Casas-Agustench, P., P. Lopez-Uriarte, M. Bullo’, E. Ros, J.J. Cabre’-Vila, J. Salas-Salvado’, 2009. Effects of one serving of mixed nuts on serum lipids, insulin resistance and inflammatory markers in patients with the metabolic syndrome. Nutrition, Metabolism & Cardiovascular Diseases. doi:10.1016/j.numecd.2009.08.005.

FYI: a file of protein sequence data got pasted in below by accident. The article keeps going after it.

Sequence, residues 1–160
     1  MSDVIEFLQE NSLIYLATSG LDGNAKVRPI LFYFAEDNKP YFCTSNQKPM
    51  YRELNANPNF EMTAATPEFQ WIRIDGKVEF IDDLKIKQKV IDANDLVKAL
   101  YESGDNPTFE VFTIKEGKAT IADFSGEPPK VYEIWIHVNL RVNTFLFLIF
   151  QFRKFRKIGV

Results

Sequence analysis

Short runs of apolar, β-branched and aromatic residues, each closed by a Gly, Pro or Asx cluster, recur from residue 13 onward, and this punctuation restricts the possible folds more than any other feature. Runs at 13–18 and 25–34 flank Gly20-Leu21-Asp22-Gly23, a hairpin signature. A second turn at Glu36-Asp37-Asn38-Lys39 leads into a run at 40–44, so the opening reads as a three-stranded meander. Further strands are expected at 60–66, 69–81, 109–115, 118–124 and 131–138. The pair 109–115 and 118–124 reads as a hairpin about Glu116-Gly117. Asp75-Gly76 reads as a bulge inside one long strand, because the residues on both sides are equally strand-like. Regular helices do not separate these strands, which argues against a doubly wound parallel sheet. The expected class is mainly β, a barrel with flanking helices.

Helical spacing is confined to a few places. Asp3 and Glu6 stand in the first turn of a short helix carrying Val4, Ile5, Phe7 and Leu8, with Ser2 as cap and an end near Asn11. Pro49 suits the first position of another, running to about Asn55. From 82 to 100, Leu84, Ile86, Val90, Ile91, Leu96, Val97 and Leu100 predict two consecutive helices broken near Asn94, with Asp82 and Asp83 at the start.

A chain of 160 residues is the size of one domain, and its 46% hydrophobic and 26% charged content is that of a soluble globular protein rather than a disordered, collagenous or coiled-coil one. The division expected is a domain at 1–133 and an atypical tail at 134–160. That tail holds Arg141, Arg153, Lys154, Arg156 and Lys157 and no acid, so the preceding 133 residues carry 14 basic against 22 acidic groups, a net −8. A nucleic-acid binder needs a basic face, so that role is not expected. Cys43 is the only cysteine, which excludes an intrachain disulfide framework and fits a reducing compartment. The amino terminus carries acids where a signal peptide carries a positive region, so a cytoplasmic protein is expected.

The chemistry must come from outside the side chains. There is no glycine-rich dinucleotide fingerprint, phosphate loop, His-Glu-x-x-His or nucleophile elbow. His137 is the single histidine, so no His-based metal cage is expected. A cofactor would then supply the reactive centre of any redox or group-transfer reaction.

Background and aims: Knowledge of the effect of nut consumption on metabolic syndrome (MetS) components is limited. We assessed the effects of nut intake on adiposity, serum lipids, insulin resistance, and inflammatory biomarkers in patients with MetS. Methods and results: In a randomized, parallel-group, 12-week feeding trial, 50 patients with MetS were given recommendations for a healthy diet with or without supplementation with 30 g/day of raw nuts (15 g walnuts, 7.5 g almonds and 7.5 g hazelnuts) (Nut and Control diet groups, respectively). Adiposity measures, serum lipids, insulin, Homeostasis Model Assessment (HOMA), interleukin-6 (IL-6) and other inflammatory biomarkers, and 48-h fecal fat were determined basally and at study’s completion. Moderate weight loss, decreased adiposity, and lower blood pressure occurred similarly after both diets. The Control, but not the Nut diet, was associated with significant (P < 0.05) reduction of LDL-cholesterol, with mean changes of -0.36 versus -0.13 mmol/L, respectively (between-group differences, P=0.154). The Nut diet reduced fasting insulin by 2.60 µU/mL (95% CI, -4.62 to -0.59) and HOMA-insulin resistance by 0.72 (-1.28 to -0.16) (P < 0.05 versus Control diet; both). Among inflammatory markers, the Nut diet resulted in changes of median plasma IL-6 of -1.1 ng/L (-2.7 to -0.1; P=0.035 versus Control diet), but adjustment for weight loss attenuated the significance of the association. Stool fat decreased with the Control diet and slightly increased with the Nut diet (P < 0.05 for between-group differences). Conclusion: Patients with MetS show decreased lipid responsiveness but improved insulin sensitivity after daily intake of 30 g of mixed nuts.